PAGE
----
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Banks rally after stress test, Bank of America underperforms

2022 06 24T150634Z 3 LYNXMPEI5N0NR RTROPTP 4 BANK OF AMERICA OVERDRAFT - Global Banking | Finance

By Sinéad Carew

(Reuters) -Shares in some of the biggest U.S. banks rallied on Friday after they passed the Federal Reserve’s annual health check, but Bank of America underperformed with test results implying it needs a larger-than-expected capital buffer, which could limit share buybacks and dividends.

While the broader equity market also rallied on Friday, Wells Fargo & Co, up 7.8%, was the biggest gainer among the 34 lenders that underwent the Fed’s so-called stress test, which measures how they would fare in a hypothetical severe economic downturn.

The group would have roughly twice the capital required under Fed rules in the downturn scenario, it said.

“The big picture is that banks are extremely well capitalized and could manage through a downturn,” David Konrad, analyst at Keefe, Bruyette & Woods.

But the results implied a big variation in the size of banks’ stress capital buffers (SCB) – an extra layer of capital banks must hold to cover potential losses and support their daily business which the Fed will set in coming weeks.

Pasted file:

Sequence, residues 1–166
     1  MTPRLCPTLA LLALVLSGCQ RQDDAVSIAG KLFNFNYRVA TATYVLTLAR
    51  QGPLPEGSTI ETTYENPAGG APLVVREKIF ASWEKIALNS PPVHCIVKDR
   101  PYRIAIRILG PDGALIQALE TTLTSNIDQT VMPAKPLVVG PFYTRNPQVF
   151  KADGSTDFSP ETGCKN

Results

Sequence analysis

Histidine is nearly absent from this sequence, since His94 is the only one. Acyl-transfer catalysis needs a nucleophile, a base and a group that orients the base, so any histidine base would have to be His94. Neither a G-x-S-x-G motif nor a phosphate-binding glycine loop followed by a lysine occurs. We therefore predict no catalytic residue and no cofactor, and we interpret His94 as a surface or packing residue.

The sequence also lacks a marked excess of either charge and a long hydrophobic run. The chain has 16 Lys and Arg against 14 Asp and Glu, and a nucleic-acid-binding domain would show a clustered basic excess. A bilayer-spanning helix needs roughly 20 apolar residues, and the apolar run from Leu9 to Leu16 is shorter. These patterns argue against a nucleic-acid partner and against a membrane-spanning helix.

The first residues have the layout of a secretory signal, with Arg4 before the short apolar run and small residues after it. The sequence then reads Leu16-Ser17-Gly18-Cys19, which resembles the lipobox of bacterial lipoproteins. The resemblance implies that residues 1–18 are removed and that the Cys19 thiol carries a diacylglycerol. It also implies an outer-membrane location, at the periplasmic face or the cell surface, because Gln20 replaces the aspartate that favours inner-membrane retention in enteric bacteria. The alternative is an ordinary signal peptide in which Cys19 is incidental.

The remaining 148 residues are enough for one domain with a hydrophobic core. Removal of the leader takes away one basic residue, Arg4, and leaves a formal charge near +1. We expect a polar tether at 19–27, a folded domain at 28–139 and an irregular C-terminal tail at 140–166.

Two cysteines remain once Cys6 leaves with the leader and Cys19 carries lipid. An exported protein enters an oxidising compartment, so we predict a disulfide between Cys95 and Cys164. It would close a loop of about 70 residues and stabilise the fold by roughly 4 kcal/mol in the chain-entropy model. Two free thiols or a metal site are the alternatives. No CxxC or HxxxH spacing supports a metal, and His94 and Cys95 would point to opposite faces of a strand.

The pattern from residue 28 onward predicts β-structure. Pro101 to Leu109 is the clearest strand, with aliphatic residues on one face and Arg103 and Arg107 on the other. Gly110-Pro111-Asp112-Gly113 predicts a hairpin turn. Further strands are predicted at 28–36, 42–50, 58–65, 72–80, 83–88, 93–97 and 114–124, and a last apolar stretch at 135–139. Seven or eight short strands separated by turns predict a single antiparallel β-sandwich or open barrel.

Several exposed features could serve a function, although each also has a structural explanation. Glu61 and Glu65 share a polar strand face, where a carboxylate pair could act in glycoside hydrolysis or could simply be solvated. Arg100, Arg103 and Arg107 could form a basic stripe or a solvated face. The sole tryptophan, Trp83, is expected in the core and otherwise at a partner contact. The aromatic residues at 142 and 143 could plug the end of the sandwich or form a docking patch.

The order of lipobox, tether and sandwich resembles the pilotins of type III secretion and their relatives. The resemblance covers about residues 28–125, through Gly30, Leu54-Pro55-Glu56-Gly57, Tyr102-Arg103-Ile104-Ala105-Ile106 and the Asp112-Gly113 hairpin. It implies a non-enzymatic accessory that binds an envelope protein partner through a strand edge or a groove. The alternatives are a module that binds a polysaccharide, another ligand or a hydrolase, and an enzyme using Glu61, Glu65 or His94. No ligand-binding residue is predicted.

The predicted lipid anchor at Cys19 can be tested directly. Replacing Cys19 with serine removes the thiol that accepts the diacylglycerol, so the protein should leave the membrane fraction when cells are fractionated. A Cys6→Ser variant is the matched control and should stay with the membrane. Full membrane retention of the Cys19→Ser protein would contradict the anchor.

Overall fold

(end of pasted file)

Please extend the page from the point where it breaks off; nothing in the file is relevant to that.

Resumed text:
Banks expected to have to hike their stress capital buffers were Bank of America Corp, Citigroup Inc and JPMorgan Chase & Co.

Shares in the three banks underperformed on Friday, with Konrad estimating their “buybacks will have to be materially adjusted downward.”

Without specifying a timeframe, he estimated that the buyback adjustments would mean a fall in earnings-per-share of 5% for Bank of America, and 2% for JPMorgan and Citi.

Wells Fargo investors were showing relief as its stress capital buffer is expected to remain almost flat on last year, he said.

Bank of America Corp shares rose 1.4%, Citigroup Inc was up 3.9% and JPMorgan Chase & Co gained 3.0%.

Credit Suisse analyst Susan Roth Katzke said “the magnitude of the SCB increases concentrated in a few” was a negative surprise. She pointed to expected SCB increases for Bank of America, Citi and JPMorgan.

Roth Katzke also pointed to expected SCB increases for Bank of America, Citi and JPMorgan.

“On average, across our banks, higher SCBs translate to less excess capital — less excess, but generally sufficient, if not ample capital,” said the analyst.

The U.S. units of foreign banks performed well.

U.S. shares of UBS Group AG were last up 6.3%, while Credit Suisse rose 5.4%. Other strong performers included Ally Financial up 6.0% and Discover Financial Services shares climbed 5.7%.

(Reporting by Sinéad Carew, Elizabeth Dilts Marshall and Pete Schroeder; editing by Jonathan Oatis, Michelle Price and Richard Chang)


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